In Israel this challenge is even more pronounced, as the particular resilience of Israeli settler colonialism mentioned earlier extends to its enabling narrative. Like South Africa during the apartheid era, Israeli censorship laws have been consistently deployed to shield the narrative from the truth (Merrett, 1982, p. 4; Peterson, 1990, p. 234; Morris, 2008, p. 405–406; Anziska, 2019, p. 67). Consequently, the (non-Native) Israeli public's perception of the state's culpability for the Nakba “revolves around three cumulative stances: denial that it occurred, perceiving it as a threatening fabrication designed to delegitimize Israel, and denial of [Israel's] responsibility for it” (Cohen, 2001, p. 7–9; Jamal and Bsoul, 2014, p. 97). In July 2009, Knesset members Alex Miller, Faina Kirschenbaum, Hamad Amar, and David Rotem all of the right-wing Yisrael Beitenu party submitted the private bill that became Israel's so-called Nakba Law in March 2011 (Budget Foundation Law, 2011: Amendment 40; Rashed et al., 2014, p. 10, 13; Gutman and Tirosh, 2021, p. 709). The Nakba Law authorizes the minister of finance, among other things, to limit government funding to any organization that recognizes Israel's “Independence Day or its day of establishment as a day of mourning,” thus functioning as a censorship law in service of Israel's conquest-enabling narrative (Budget Foundation Law, 2011: Amendment 40, Articles 1(b)(1) and 1(b)(4); Simon, 2015, p. 185–186; Bot, 2019, p. 423).21 The Knesset debates involving the law's enactment provide us with an opportunity to ascertain some of the hurdles awaiting those who seek to challenge Israel's narrative domestically. The Nakba Law was debated extensively in the Knesset by members from across the entire political spectrum, as well as by civil society representatives and prominent academics who were provided with an opportunity to share their thoughts about the proposed bill. The following exchange occurred during the first of these debates, which took place on July 22, 2009, shortly after the initial submission of the bill (Knesset Debates, 2009, p. 254–271). It highlights the remarks made by four Knesset members: Alex Miller (Yisrael Beitenu, right), the bill's primary submitter; Haim Oron (Meretz, left), who previously served as the leader of Hakibbutz Haartzi, the largest association of kibbutzim in Israel; Ofir Akunis (Likud, right), who previously served as his party's speaker; and Ahmad Tibi (Ra‘am-Ta‘al, Native), a Palestinian gynecologist and graduate of the Hebrew University of Jerusalem, who previously served as political advisor to Yasser Arafat, the former Chairman of the Palestine Liberation Organization:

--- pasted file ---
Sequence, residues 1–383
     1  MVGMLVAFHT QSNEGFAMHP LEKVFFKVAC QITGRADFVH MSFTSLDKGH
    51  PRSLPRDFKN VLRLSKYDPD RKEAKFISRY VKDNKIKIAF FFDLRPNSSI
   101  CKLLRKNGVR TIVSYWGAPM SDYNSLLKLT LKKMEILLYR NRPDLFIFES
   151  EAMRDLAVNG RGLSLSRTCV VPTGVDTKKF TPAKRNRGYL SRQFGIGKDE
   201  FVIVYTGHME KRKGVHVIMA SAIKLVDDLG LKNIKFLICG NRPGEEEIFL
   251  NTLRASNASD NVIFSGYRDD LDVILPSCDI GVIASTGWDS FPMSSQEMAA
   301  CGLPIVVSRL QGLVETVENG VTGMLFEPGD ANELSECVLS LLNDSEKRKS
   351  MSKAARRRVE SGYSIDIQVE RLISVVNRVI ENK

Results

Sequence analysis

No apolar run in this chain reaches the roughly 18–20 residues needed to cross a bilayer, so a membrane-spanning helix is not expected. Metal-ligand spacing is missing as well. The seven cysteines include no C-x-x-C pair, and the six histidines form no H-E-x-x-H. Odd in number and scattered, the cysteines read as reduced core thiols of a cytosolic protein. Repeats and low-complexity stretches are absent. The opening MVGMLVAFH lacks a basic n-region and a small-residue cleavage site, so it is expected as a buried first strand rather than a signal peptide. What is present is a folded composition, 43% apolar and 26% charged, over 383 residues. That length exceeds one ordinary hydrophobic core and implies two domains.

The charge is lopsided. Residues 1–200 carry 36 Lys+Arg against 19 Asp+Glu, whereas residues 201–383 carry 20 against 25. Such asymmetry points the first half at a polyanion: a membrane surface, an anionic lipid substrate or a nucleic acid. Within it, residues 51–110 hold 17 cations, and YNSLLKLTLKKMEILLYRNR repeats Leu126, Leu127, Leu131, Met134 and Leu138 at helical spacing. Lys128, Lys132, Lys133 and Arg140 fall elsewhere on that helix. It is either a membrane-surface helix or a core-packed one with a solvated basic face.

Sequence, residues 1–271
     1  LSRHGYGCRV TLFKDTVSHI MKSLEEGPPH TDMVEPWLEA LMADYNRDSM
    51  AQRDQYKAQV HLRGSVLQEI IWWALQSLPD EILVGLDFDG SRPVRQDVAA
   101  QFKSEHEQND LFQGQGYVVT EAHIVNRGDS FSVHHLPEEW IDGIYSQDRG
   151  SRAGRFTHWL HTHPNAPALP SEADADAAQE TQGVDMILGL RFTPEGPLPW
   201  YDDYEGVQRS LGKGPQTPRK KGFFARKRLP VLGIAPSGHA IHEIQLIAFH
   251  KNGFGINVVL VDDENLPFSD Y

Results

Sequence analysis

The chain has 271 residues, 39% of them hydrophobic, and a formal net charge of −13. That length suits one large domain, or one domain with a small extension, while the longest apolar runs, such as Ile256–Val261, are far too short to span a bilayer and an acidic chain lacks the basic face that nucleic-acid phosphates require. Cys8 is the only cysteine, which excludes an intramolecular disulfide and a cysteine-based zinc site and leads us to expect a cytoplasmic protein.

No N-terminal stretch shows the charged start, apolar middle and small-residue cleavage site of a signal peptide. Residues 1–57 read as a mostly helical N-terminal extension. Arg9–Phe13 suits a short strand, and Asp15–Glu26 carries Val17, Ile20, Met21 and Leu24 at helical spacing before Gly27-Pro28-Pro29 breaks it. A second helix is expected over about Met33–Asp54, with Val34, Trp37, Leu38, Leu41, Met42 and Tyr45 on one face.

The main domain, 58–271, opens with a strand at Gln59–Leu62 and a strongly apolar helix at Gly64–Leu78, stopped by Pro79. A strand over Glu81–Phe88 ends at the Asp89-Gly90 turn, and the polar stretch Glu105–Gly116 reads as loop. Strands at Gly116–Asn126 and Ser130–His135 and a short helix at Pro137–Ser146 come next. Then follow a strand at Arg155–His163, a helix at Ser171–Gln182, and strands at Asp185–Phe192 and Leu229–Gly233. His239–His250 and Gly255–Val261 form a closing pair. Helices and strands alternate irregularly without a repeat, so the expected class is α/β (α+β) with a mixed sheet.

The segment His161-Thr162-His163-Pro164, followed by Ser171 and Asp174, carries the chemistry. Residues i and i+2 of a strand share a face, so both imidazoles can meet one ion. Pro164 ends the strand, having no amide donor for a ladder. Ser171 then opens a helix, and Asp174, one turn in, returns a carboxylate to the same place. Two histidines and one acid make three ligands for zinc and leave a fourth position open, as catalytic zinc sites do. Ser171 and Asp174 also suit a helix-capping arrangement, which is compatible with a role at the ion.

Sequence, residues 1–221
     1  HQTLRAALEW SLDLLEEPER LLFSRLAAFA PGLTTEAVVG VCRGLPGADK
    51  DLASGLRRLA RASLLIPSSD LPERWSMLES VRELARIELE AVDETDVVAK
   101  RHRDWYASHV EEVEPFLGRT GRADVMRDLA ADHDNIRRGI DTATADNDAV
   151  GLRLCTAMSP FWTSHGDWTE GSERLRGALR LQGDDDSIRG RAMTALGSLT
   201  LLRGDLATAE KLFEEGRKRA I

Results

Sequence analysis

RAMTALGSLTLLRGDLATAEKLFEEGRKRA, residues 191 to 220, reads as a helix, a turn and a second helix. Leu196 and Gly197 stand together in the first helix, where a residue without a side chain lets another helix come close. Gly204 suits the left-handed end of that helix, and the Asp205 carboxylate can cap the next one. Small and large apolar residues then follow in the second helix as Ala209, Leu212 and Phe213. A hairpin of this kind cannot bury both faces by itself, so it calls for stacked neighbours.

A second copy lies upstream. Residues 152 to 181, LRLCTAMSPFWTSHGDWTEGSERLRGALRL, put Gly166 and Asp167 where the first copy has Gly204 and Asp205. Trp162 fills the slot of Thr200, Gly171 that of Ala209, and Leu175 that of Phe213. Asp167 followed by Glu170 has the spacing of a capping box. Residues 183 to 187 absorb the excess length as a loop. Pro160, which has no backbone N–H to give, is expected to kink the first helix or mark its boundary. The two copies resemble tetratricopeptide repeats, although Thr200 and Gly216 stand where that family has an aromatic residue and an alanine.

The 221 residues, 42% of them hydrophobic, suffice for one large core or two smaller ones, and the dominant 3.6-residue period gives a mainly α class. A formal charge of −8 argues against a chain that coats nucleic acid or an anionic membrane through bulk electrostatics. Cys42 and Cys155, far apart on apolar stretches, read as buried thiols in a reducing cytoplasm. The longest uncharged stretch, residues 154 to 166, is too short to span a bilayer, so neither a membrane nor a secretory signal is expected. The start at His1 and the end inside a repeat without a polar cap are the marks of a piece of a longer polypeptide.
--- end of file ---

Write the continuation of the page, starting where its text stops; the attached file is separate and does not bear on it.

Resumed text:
[Miller (Yisrael Beitenu, right):] It is inconceivable that in a normal country, a democratic country, the state will fund … activities that deny Israel's existence as a state of the Jewish people. … It is inconceivable that while the state of Israel is in the midst of a military campaign defending its borders its [Palestinian] citizens arrange protests of tens of thousands of people against the [Israel Defense Forces] and identify with the enemy. … Instead of teaching [Palestinians] peace and reconciliation, their leadership, their extremist leadership, take them [to the protest site] to incite against a state in which they are citizens.
[Oron (Meretz, left):] The establishment of Israel was a disaster for the Palestinian people. Whoever does not understand this basic fact will never understand or know how to end the conflict.
[Akunis (Likud, right):] Shameful. Disgraceful.
[Oron:] Akunis, every time you call me “disgraceful” I become even prouder [of my position].
[Akunis:] [Do you consider Meretz] a Zionist party? [Your position indicates that] all the kibbutzim will need to relinquish their land [because it was taken from Palestinians].
[Oron:] Precisely. The kibbutzim were built on Palestinian land. Exactly like Tel Aviv University.